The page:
WHEREAS, this defining chapter in Virginia's history should not be forgotten, but instead should be studied, understood and remembered by all Virginians, both in the context of the time in which it took place, but also in the context of the time in which we live, and this study and remembrance takes on particular importance as the Commonwealth prepares to welcome the nation and the world to visit Virginia for the Sesquicentennial Anniversary of the Civil War, a four-year period in which the exploration of our history can benefit all;

NOW, THEREFORE, I, Robert McDonnell, do hereby recognize April 2010 as CONFEDERATE HISTORY MONTH in our COMMONWEALTH OF VIRGINIA, and I call this observance to the attention of all our citizens.
Guess what Governor McDonnell left out?

Critics immediately pounced, and he quickly added this paragraph:
WHEREAS, it is important for all Virginians to understand that the institution of slavery led to this war and was an evil and inhumane practice that deprived people of their God-given inalienable rights and all Virginians are thankful for its permanent eradication from our borders, and the study of this time period should reflect upon and learn from this painful part of our history;
Before I go any further, let me get something on the record: Slavery is wrong. I don't approve of it, and I never will. It's not a Christian value, and shame on those Christians who support it. Also, I will not deny the debate over slavery played a major role in the cause of the Civil War. But the truth gets complicated, and the reality is that the mindsets of soldiers and politicians don't always match up.

Governor McDonnell thought he could pay tribute to Virginia's Civil War heritage without mentioning slavery. Almost instantly, he found out he made a big mistake. If he truly wants "all Virginians to reflect upon our Commonwealth's shared history" and "recognize how our history has led to our present," they have to reflect on all of it, slavery and soldiers, forced servitude and brave sacrifice, the call for states' rights and the rights denied to slaves. That's a fair balance: neither rubbing noses in the dirt, nor glorifying "an evil and inhumane practice."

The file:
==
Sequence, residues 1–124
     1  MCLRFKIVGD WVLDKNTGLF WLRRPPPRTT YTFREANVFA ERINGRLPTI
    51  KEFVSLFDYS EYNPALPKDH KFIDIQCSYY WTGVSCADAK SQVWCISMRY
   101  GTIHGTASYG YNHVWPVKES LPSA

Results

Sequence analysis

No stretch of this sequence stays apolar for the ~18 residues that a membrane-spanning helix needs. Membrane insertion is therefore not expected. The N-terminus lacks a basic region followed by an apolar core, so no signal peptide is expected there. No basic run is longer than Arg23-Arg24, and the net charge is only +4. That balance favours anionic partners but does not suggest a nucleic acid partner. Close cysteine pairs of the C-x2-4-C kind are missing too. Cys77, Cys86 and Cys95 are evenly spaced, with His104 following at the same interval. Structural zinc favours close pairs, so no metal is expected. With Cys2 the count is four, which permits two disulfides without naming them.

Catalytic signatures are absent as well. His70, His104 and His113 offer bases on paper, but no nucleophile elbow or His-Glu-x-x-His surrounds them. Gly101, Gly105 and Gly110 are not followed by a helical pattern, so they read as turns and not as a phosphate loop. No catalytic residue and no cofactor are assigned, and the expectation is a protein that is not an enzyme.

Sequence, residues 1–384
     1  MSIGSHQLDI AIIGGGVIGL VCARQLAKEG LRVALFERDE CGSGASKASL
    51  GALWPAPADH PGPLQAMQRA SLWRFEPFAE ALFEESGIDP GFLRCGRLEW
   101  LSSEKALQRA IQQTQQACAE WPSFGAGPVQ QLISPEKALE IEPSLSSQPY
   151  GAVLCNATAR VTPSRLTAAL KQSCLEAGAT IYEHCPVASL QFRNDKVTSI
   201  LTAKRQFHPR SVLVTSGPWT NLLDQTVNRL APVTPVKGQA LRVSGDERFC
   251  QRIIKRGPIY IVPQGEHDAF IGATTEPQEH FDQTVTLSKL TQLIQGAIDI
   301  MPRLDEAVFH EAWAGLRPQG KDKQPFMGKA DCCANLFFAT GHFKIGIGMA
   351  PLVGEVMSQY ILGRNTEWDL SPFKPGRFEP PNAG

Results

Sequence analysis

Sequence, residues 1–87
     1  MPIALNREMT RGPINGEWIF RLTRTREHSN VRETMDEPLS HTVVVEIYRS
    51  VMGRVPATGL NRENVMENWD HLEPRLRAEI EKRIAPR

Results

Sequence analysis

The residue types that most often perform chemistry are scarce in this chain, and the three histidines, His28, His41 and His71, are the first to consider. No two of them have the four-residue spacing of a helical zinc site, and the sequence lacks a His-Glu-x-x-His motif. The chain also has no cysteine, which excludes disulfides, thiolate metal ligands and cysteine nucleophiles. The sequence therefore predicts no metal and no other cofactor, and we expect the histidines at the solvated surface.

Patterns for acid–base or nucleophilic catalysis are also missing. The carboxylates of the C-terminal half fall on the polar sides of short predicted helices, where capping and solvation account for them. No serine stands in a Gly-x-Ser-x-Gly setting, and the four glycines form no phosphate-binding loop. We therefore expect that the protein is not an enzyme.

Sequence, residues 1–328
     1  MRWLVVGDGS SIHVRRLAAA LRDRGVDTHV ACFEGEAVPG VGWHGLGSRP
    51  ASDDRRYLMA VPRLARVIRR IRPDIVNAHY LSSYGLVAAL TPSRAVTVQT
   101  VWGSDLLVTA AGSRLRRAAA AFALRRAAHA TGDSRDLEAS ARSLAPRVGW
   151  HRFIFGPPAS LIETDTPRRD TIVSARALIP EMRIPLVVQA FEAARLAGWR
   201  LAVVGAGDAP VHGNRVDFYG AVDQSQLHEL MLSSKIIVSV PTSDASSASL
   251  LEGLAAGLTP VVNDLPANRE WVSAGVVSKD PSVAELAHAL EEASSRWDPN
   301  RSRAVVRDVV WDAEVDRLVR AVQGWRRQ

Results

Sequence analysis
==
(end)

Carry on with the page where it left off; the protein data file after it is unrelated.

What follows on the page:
I know a lot of you probably think we shouldn't do anything to honor Confederate veterans. You may think of them as traitors, as racists, as slave-owning scum, unworthy of even a dandelion on their graves... or even a headstone. I know somebody who would disagree with you. He said, "With malice toward none; with charity for all; with firmness in the right, as GOD gives us to see the right, let us strive on to finish the work we are in; to bind up the nation's wounds; to care for him who shall have borne the battle, and for his widow, and his orphan--to do all which may achieve and cherish a just and lasting peace, among ourselves, and with all nations." Those are the words of Abraham Lincoln, considered by many to be this nation's greatest president. He could forgive the South. Why can't we?

Americans didn't create slavery. It's mentioned in the Bible. It was around before the Bible. Early Americans adopted it as their ancestors had. But we grew wiser and learned from our mistakes. That's what studying and understanding history is supposed to do. Holding decades of grudges, refusing to outgrow our prejudices, and resisting JESUS' call to treat others as we would want to be treated won't help anybody heal. Nearly 150 years after the Civil War began, we're still struggling to find Mr. Lincoln's lasting peace.

See living history done right! Head to the Battle Of Payson this Saturday, April 10!